Aim:To examine the ethical challenges of upholding patient confidentiality in sports medicine and the practical responses of clinicians to these challenges. Method:Questionnaire survey and follow-up semi-structured interviews with the members of the British Olympic Association's Medical Committee and Physiotherapy Forum. Results:Clinicians identified three contextual factors that influenced issues related to patient confidentiality in sports medicine: the use of confidentiality waivers; the facilities available for treatment; and the cultural norms of elite sport. They further identified interpersonal strategies used to lessen or eradicate conflicts, including emphasising the benefits and avoidance of disbenefits for athletes and the potential negative consequences for others. Conclusions:Aspects of clinicians’ practice environment should be designed to enable compliance with the highest levels of ethical conduct. Professional associations should establish guidelines for clinicians’ interpersonal conduct in dealing with confidentiality issues and consider their provision of ethics-based continuous professional development. They should also petition for the establishment of athletes’ codes of conduct which identify a context-relevant understanding of ‘serious harm’ and how that might impact on information disclosure.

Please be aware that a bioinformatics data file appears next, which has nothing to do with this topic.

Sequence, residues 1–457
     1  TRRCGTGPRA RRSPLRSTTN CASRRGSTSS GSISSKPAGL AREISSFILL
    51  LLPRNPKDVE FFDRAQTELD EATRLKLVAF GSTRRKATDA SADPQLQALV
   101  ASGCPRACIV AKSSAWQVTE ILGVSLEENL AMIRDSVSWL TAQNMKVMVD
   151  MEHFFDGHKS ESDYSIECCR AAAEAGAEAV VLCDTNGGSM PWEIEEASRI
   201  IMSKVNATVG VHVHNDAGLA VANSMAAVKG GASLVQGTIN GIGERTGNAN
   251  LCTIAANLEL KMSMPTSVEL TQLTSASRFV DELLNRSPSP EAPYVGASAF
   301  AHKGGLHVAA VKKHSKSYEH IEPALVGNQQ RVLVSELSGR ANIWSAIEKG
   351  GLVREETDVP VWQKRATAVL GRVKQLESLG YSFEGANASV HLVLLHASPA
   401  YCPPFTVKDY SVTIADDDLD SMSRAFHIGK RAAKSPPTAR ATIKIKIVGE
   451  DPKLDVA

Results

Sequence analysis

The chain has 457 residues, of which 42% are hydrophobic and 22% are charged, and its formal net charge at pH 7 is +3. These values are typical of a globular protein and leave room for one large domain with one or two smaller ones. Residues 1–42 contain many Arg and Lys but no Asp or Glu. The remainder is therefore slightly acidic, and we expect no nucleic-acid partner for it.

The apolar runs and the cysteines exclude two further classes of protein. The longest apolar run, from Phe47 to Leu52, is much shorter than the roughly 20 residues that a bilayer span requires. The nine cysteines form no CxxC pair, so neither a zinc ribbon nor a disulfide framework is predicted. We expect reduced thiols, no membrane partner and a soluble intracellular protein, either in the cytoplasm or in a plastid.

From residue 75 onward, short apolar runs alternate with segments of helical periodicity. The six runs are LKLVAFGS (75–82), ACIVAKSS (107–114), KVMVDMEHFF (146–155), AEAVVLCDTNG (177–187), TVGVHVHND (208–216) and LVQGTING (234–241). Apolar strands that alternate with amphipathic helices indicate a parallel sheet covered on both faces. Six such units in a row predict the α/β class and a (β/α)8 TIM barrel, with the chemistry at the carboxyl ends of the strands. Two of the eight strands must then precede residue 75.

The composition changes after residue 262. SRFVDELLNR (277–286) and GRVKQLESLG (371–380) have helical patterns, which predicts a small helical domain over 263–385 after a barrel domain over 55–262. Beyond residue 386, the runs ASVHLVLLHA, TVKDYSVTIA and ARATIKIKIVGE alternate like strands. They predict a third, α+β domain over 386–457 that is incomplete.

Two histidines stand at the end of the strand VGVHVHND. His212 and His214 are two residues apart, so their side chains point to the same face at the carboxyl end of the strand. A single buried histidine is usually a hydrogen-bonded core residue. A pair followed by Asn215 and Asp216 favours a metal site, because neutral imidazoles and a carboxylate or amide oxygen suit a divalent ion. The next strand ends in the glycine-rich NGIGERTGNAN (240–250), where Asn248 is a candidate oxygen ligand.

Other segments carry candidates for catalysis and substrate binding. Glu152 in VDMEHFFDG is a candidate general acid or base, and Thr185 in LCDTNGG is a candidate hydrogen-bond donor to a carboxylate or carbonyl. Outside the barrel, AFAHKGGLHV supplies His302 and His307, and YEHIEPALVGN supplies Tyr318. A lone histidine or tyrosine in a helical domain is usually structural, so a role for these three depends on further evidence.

|Journal||British Journal of Sports Medicine|
|Early online date||23 Jul 2013|
|Publication status||Published - 1 Oct 2014|